Counteracting the privatization propaganda of Social Security was the theme of Inger Conrad's presentation by speaking to groups about the pitfalls of investing in the stock market and the benefits of a strong Social security system.

In his State of the Union address (1/19/99) President Clinton asked that a budget surplus be set aside over the next 15 years to keep Social Security solvent through the year 2055. Unfortunately he also proposed that some Social Security money be invested in private markets, an action that even economists disapprove of.

Medicare is America's health care success story, but Congress cannot let well-enough alone a good program that works. By March 1999, a commission to overhaul Medicare will make their recommendations, which have been printed in a bulletin, available for consideration. The options proposed by the commission will fragment the program, offering four different confusing and costly choices.

Medicare for All has organized a national campaign to protect and improve Medicare. The ultimate aim of the organization is to expand the patient base of Medicare and move it towards universal coverage. America cannot save its ever worsening

health care crisis without a universal health insurance plan.

Aroza championed the "Living Wage Law." More and more cities throughout the U.S. are enacting Living Wage laws. In San Francisco several labor organizations are campaigning for a living wage law. Supervisor Tom Ammiano is leading the Board of Supervisors effort, and Mayor Willie Brown has said he would support the law.

It is estimated that a single parent with one child living in San Francisco needs to earn $14.50 per hour to maintain a basic standard of living. A Living Wage Law is beneficial to the worker and the community.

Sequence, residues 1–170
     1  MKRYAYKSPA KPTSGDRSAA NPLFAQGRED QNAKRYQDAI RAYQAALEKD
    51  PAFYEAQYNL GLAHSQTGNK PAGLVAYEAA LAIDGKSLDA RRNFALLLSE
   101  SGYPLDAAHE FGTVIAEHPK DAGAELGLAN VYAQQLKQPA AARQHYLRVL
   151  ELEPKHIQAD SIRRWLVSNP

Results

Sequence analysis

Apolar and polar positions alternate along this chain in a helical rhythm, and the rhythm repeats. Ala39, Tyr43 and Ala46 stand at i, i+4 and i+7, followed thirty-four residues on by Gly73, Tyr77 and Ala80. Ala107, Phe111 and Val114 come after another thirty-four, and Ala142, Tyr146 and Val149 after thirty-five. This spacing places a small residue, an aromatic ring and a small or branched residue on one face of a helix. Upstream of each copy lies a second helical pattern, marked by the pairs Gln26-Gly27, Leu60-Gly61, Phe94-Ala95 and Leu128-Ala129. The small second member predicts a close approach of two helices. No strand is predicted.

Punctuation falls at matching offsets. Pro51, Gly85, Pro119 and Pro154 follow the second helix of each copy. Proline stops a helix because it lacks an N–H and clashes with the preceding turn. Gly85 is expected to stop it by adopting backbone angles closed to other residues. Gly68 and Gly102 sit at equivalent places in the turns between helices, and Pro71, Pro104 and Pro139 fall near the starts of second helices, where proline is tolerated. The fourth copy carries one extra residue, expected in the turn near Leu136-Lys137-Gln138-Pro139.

The meeting ended with a presentation by two members of the Health Care Workers Union, local 250 SEIU, of a position paper on the need to rebuild Laguna Honda Hospital and asking for our participation in the project.

When 20 people call the White House comment line

(202) 456-1111

on the same day about the same issue, the President

receives a written report on his desk. Tuesday is OUR day

to call. Call now to protect and expand Medicare!

If you call before 8:00 a.m. (Pacific time) a two-minute call

will cost you 32 cents.

SFGPs Officers for 1999

The Gray Panthers Board of Directors met Wednesday, Jan. 6 and selected the following officers for the coming year:

ConvenerAroza Simpson

Co-convenerKaren Talbot

SecretaryRebecca Hirshleifer

TreasurerMary Frances Smith

MembershipAugusta Szego

Newsletter PublisherAstrid Spector

The Board decided that meetings will be held the first Thursday of the month at 1:00 p.m. at the GPs office.

The Newsletter of the San Francisco Gray Panthers is published each month, and distributed free of charge to members and friends of this nonprofit organization.

Editorial Board: Rebecca Hirshleifer, Mitzi Raas; Publisher, Astrid M. Spector; Art Director, Fannie Biderman; Proof, Lurilla Harris; Circulation: Harold Greenblatt and Mary Francis Smith. Printed by Graffik Natwicks; Webpage design: Barry Simpkins

Back to Newsletters

Back to Gray Panthers Home Page